My most hair-raising moment in vr was when I first started playing superhot and someone (in the game) approached me from behind. Because it was virtual reality and our perceptions depend most of the time only on visual and audio inputs, I couldn’t feel the faint breeze or hear anything (if the game didn’t want me to) when someone’s getting closer, it really got my hair raised when I turned around and “ran” into someone. I think vr has a lot of potentials in the horror industry.
One of the most novel innovations was the usage of vr in court, which I read about in news of the week (http://www.sixthtone.com/news/1001846/vr-technology-called-to-the-stand-in-beijing-court). Vr technology allegedly helps to “present evidence in a clearer, more visual way” than traditional media such as powepoint slides. On one hand I am astonished and confident about the help vr could bring to the courtroom, but on the other hand I am also worried that vr might be a more powerful tool to mislead and manipulate the court.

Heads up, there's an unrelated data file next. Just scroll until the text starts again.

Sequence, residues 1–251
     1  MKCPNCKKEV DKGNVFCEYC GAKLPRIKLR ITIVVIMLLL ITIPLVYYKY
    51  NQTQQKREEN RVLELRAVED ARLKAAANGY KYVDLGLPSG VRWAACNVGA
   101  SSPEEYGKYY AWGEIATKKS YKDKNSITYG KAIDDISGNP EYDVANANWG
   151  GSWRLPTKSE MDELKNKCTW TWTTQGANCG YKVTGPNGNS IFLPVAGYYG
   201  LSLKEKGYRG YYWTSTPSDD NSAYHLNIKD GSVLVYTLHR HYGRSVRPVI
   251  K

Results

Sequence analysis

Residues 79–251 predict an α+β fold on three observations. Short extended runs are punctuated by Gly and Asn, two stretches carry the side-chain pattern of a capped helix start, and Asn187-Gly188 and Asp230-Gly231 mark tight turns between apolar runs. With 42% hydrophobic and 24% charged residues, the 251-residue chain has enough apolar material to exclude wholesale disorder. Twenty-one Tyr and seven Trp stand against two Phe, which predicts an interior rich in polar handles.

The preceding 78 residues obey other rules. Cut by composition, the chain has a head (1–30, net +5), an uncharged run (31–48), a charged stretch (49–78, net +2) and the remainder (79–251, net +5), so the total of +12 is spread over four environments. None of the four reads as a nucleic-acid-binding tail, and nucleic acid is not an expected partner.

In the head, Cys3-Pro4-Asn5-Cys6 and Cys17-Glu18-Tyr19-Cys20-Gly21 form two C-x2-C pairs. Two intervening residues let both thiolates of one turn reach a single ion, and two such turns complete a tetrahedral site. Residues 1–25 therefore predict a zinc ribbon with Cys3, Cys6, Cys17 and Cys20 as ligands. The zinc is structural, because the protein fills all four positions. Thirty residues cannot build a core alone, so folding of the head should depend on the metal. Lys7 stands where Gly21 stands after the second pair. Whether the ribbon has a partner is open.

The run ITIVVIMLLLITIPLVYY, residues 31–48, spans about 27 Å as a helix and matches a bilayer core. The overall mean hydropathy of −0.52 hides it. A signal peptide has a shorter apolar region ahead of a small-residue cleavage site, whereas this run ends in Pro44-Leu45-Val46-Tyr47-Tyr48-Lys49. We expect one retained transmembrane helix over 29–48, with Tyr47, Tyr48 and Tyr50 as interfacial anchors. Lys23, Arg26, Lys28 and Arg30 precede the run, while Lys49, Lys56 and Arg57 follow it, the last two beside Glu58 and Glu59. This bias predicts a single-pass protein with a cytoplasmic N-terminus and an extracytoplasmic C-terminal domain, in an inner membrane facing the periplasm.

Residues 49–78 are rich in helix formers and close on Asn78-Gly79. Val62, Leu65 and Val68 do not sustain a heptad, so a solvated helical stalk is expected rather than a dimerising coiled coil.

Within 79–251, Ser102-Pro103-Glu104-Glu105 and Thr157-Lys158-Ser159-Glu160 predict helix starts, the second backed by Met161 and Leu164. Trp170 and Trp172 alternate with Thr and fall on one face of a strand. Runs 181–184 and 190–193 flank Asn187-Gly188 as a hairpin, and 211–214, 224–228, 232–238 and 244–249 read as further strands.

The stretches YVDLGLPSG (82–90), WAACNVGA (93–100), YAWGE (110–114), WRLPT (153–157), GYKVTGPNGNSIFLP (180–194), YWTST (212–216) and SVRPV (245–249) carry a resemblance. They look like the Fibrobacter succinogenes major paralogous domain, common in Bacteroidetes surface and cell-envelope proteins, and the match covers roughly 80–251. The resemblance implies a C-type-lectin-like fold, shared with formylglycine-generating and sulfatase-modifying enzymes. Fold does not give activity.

Another interesting moment I had in vr was when playing long echo and for the first time I looked down and saw my “body” in a vr game. I was used to “overlooking” the presence of my body and only seeing parts I had a need for, most of the time hands. It felt a little odd to see myself in a spacesuit with the whole body and yet didn’t have any control over it. I wonder when vr becomes more prevalent, will it change our perceptions of our selves?